NCPA Commentaries by John C Goodman

Dr. John C. Goodman, President and founder of the NCPA, is known as the father of Medical Savings Accounts and was dubbed by National Journal as "A winner of the devolution derby." He is an expert on tax, welfare, Social Security and health care reform. Dr. Goodman has testified before Congressional committees and regularly briefs member of Congress on these issues.

  • Dec 21, 1999

    Level the Playing Field for U.S. Health Insurance

    The federal government "spends" about $125 billion in tax subsidies each year, encouraging people to buy private health insurance. Yet the number of people without insurance has reached 44 million and continues to grow. Why?


  • Nov 22, 1999

    BradleyCare: Two Steps Forward Six Steps Back

    Congratulations to Bill Bradley. He is the first credible presidential candidate to call for abolishing Medicaid, a program historically plagued by waste, inefficiency, fraud and questionable quality of care.


  • Nov 11, 1999

    Minimum Wage Hike and the Uninsured

    Unless President Clinton vetoes the legislation, Congress is set to increase the minimum wage a dollar an hour, from $5.15 to $6.15, over the next two to three years.


  • Sep 28, 1999

    Taxing the Poor

    The Democratic Party used to have a legitimate claim to represent the interests of the poor. No longer.


  • Sep 14, 1999

    Gore Health Plan: One Step Forward, Three Steps Back

    Congratulations to Al Gore. His new health care reform plan proposes a major step toward eliminating severe inequities in the tax law and giving needed relief to the millions of people who must buy their own health insurance or go without.


  • Aug 13, 1999

    New Entitlement Not Needed For Prescription Drugs

    Medicare is facing a future financial collapse. By the time today's college students reach retirement age, workers will have to pay Medicare taxes equal to one out of every seven dollars earned, just to pay for benefits currently promised.


  • Jul 12, 1999

    Protect Patients From Congress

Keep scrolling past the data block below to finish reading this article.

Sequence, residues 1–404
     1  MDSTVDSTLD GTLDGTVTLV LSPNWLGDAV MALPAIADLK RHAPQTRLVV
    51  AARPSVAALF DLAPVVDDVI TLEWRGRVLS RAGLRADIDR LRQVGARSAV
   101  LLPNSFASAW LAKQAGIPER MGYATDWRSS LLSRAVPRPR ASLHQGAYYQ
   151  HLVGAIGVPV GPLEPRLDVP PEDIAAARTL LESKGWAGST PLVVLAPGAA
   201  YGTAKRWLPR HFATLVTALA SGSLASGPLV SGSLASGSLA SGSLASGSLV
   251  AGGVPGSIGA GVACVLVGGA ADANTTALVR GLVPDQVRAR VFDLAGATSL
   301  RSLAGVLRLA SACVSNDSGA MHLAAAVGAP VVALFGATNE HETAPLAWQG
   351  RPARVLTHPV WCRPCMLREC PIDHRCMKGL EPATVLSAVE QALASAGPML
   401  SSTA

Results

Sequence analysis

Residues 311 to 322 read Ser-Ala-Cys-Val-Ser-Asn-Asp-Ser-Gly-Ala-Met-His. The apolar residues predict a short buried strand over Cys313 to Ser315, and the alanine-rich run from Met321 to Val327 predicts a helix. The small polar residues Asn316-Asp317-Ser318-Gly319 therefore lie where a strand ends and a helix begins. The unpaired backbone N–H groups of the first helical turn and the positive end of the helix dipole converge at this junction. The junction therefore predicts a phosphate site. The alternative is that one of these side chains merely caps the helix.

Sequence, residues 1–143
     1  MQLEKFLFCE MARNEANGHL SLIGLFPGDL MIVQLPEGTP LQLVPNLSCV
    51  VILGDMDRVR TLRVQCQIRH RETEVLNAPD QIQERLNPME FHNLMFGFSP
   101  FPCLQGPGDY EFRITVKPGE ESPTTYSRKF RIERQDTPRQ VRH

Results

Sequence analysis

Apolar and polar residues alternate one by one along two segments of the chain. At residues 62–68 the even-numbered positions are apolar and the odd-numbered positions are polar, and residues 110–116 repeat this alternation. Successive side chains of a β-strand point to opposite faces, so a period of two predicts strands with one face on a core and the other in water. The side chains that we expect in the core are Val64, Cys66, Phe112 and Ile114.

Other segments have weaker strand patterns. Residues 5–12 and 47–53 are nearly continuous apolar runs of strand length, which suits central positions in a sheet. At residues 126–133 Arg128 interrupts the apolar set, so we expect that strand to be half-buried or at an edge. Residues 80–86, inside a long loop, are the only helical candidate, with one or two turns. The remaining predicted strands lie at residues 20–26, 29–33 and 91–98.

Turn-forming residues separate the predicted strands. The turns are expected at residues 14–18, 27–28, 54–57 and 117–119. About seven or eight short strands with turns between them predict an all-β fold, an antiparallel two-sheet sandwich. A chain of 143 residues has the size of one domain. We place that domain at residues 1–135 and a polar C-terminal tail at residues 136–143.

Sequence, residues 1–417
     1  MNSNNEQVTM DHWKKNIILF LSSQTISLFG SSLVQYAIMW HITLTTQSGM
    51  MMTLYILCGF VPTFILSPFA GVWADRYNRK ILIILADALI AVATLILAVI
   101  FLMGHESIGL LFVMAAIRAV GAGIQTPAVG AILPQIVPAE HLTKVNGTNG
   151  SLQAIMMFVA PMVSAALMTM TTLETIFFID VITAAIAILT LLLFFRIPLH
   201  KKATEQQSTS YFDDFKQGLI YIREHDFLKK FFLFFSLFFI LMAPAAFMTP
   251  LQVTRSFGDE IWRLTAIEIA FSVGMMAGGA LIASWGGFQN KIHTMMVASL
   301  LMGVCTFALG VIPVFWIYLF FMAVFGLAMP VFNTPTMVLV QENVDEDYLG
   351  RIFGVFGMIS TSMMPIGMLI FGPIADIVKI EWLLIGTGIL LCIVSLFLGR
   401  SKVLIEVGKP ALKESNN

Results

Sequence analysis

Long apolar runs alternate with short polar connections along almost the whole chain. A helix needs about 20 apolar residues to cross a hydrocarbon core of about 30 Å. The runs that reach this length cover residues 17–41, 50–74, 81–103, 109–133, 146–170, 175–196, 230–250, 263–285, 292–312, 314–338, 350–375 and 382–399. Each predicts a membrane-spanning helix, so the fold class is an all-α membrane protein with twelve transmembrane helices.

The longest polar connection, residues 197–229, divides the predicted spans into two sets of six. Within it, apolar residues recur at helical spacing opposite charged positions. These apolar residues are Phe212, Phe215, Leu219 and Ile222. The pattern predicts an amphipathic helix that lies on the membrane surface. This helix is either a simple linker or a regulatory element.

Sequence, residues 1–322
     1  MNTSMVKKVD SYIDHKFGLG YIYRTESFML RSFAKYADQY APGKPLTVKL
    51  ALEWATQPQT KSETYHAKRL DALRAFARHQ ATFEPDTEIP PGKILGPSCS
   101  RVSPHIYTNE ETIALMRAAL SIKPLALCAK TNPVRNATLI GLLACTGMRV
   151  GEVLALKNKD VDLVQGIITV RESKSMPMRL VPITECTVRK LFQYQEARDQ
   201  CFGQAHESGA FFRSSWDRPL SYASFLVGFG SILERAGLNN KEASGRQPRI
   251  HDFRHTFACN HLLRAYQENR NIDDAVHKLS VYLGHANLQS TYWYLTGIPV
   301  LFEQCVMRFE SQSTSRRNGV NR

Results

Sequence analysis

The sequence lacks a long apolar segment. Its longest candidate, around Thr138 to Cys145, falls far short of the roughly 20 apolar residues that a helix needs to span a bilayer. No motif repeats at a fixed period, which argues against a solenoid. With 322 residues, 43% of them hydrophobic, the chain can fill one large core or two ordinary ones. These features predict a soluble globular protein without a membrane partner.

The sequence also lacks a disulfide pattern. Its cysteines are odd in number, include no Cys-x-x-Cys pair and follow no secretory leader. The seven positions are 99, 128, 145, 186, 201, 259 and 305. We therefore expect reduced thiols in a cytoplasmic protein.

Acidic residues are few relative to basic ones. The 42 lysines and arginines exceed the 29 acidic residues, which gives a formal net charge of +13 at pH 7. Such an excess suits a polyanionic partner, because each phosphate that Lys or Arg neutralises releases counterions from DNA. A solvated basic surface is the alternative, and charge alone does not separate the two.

This week the Senate begins debate on the Democrat's Patient's Bill of Rights proposal, which seeks to substitute the opinions of Congress for the outcomes of the market and give trial lawyers a new feeding trough. Odds are the Senate will end the week by passing the Republican version, which is almost as bad.


  • Jul 08, 1999

    MSAs: South Africa Leads the Way

    Under a pilot program passed by Congress three years ago, tax free Medical Savings Accounts are available in the United States to the self-employed and firms with 50 or fewer employees. The act explicitly excludes large companies that have been on the cutting edge of change in health plan design.


  • Jul 07, 1999

    America Already Has School Choice

    Should parents be able to choose the school their children attend? While politicians from Florida to Arizona debate this issue, opponents of choice continually ignore the fact that America already has a de facto system of school choice; one that works well if you're not poor.


  • May 17, 1999

    A Bill to Save Social Security

    The new Social Security reform proposal put forward by Congressmen Bill Archer and Clay Shaw has a worthy aim: to secure future retirement benefits for today's young people without increasing taxes on workers or reducing benefits to retirees.






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